Fixing bail, fines, and fees in the criminal justice system

A Cook County Sheriff's police car patrols the exterior of the Cook County Jail in Chicago, Illinois, January 12, 2016. The Cook County Jail in Chicago -- the biggest single-site jail in the United States -- was placed on lockdown on Tuesday after staffing dropped below normal levels, said Cook County Sheriff's spokesman Ben Breit. REUTERS/Jim Young - GF20000092626

The share of felony defendants in the criminal justice system who are required to post bail to avoid pre-trail detention is increasing, while the share released without bail is dropping. Simultaneously the amount of time from arrest to adjudication has increased in recent years. These and related factors have significant negative economic impacts on the individuals involved, and are linked to increased recidivism. In this episode, Jay Shambaugh, the director of the Hamilton Project at Brookings and a senior fellow in Economic Studies, talks about new research on monetary sanctions in the criminal justice system. Also, John Ratliff, in a new Metro Lens, talks about how America’s governors are pursuing digital innovation policies.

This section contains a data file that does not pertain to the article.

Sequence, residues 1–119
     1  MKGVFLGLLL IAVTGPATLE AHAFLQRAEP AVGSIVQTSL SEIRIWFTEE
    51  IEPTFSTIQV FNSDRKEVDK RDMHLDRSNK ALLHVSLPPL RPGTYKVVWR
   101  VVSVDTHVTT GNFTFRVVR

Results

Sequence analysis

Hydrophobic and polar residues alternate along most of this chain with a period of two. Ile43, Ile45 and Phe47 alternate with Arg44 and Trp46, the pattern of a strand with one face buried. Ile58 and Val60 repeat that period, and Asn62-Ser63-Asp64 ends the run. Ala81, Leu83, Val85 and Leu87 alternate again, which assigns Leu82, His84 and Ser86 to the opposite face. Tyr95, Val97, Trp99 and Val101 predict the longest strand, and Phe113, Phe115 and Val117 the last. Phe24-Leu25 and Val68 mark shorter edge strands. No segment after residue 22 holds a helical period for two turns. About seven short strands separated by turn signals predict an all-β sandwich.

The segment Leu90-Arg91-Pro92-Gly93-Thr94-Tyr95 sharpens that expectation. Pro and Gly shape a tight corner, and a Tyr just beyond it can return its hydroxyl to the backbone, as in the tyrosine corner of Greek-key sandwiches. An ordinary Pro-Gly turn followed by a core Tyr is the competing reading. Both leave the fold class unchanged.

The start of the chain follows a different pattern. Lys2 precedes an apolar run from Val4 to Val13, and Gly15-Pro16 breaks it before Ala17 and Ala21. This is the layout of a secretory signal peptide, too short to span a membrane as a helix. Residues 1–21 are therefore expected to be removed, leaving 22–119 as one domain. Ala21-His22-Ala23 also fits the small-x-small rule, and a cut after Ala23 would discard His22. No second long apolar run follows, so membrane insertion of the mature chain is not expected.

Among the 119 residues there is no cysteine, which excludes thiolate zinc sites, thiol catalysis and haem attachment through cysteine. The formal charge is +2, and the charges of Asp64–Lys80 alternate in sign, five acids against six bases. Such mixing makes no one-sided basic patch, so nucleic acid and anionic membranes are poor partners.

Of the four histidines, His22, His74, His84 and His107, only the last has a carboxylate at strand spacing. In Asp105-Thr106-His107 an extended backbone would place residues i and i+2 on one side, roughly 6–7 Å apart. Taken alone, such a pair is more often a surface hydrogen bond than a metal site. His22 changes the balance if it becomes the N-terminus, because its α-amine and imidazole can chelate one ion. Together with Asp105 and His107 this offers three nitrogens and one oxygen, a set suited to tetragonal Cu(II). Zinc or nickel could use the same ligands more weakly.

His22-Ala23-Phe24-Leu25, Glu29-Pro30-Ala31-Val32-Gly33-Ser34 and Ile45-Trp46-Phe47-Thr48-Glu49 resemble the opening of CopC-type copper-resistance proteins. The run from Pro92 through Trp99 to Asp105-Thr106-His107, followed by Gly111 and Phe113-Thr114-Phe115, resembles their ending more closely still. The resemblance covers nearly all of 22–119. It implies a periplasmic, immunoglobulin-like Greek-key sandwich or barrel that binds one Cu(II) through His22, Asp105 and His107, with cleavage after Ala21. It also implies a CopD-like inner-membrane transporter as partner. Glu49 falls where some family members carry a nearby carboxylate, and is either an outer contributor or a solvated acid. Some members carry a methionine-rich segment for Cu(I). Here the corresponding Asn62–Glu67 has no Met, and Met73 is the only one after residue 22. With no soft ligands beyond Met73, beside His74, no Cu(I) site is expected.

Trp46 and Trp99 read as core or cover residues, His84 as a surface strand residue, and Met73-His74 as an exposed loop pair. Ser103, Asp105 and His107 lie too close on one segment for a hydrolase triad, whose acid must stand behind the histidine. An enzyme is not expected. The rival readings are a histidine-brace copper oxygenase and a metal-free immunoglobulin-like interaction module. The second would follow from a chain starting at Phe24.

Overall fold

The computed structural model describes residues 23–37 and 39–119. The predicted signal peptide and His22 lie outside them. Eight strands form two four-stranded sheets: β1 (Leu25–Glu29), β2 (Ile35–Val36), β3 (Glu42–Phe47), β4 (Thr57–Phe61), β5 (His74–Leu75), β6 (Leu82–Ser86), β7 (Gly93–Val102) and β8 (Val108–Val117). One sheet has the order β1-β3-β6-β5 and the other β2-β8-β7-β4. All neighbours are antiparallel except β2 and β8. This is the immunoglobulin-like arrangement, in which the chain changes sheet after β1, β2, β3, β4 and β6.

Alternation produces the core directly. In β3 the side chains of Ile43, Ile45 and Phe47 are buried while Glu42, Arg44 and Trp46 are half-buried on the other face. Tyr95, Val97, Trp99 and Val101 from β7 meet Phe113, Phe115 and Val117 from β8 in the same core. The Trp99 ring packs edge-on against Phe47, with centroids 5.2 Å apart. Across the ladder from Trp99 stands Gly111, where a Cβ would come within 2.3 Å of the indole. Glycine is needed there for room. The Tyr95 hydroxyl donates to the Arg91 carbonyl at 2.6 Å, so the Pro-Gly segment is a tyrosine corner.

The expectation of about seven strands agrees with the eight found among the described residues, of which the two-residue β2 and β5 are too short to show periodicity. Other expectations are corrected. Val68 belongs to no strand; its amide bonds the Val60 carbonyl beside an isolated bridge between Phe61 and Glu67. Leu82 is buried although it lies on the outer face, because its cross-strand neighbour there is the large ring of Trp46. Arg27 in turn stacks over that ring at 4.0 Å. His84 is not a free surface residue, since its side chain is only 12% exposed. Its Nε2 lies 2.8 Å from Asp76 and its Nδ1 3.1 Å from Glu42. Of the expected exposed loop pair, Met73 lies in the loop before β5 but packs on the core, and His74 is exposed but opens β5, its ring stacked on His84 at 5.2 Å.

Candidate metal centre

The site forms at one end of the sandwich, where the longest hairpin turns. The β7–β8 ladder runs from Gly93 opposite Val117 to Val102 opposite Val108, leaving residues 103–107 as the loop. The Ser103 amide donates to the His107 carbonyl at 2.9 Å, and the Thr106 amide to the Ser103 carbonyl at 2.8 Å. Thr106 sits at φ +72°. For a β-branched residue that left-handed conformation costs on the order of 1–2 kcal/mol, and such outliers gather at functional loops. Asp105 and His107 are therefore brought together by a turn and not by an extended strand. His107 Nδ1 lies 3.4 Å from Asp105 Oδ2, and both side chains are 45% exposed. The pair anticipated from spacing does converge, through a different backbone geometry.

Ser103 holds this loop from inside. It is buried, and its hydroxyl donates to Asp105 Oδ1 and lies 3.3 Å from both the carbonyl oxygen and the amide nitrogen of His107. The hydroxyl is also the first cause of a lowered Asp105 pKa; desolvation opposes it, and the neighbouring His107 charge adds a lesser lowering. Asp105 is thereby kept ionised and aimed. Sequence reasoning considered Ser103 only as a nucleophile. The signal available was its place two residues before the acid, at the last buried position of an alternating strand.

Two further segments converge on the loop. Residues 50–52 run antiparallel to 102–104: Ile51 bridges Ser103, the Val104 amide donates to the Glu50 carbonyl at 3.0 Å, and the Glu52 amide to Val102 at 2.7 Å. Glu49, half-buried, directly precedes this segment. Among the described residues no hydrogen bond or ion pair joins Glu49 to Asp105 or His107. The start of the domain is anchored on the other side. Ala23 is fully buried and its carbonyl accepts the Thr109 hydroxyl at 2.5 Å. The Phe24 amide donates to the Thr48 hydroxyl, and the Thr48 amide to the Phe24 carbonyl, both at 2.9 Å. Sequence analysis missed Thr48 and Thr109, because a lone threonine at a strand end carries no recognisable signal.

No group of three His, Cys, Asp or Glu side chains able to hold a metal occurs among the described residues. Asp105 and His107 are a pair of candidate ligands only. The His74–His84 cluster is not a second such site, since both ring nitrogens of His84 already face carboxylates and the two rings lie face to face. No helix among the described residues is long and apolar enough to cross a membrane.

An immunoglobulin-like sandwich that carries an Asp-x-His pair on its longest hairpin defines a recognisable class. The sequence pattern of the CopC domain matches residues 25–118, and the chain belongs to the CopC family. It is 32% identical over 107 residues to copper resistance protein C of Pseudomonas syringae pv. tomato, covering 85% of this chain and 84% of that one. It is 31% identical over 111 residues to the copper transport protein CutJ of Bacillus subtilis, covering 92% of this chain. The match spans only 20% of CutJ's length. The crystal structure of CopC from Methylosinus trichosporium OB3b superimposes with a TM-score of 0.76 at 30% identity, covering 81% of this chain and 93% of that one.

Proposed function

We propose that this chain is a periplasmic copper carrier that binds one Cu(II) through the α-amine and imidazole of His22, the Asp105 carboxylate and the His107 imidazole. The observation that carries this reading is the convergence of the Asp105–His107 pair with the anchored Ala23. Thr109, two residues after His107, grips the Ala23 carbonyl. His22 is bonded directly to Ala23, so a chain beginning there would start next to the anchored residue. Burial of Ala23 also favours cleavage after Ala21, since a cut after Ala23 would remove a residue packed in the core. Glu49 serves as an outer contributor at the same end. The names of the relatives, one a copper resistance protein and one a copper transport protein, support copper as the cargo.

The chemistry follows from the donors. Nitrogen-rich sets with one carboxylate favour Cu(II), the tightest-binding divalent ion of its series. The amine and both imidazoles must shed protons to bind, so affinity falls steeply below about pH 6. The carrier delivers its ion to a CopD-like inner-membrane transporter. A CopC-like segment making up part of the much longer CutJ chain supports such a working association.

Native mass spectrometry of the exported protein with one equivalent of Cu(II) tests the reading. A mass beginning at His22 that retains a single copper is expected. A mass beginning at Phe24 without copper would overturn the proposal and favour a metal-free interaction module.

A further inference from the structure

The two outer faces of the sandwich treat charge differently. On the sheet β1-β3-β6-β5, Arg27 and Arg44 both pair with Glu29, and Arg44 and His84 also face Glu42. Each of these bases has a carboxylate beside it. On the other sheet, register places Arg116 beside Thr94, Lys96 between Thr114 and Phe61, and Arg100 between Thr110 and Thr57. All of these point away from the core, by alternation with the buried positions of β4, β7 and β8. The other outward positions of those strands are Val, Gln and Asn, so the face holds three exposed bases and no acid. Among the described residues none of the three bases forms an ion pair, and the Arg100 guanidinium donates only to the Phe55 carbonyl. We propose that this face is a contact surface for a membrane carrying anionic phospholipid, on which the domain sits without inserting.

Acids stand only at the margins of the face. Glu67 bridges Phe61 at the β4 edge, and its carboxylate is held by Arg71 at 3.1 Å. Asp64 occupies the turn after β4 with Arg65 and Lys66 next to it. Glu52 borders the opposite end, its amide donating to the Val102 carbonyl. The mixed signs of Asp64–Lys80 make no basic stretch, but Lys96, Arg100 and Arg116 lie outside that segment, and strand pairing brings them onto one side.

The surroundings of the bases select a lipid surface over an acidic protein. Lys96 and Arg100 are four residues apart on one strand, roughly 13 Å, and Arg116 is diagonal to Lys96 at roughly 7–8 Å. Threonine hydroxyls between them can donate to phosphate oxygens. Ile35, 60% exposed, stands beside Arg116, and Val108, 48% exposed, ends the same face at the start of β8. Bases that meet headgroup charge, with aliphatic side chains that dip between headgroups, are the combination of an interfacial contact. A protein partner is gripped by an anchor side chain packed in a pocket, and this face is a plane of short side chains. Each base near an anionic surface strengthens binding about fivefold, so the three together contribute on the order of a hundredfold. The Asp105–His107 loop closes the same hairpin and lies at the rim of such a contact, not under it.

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Addressing Modern Debtors’ Prisons with Graduated Economic Sanctions that Depend on Ability to Pay

A Proposal to End Regressive Taxation through Law Enforcement

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